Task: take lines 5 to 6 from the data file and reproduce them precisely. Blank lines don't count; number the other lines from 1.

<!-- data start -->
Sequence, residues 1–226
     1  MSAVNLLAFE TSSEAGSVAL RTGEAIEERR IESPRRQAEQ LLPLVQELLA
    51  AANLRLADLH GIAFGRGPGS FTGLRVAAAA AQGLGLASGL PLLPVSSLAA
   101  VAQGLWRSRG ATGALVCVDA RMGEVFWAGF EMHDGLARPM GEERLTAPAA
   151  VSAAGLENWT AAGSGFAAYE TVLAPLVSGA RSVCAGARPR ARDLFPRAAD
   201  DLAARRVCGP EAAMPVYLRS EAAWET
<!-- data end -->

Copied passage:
   151  VSAAGLENWT AAGSGFAAYE TVLAPLVSGA RSVCAGARPR ARDLFPRAAD
   201  DLAARRVCGP EAAMPVYLRS EAAWET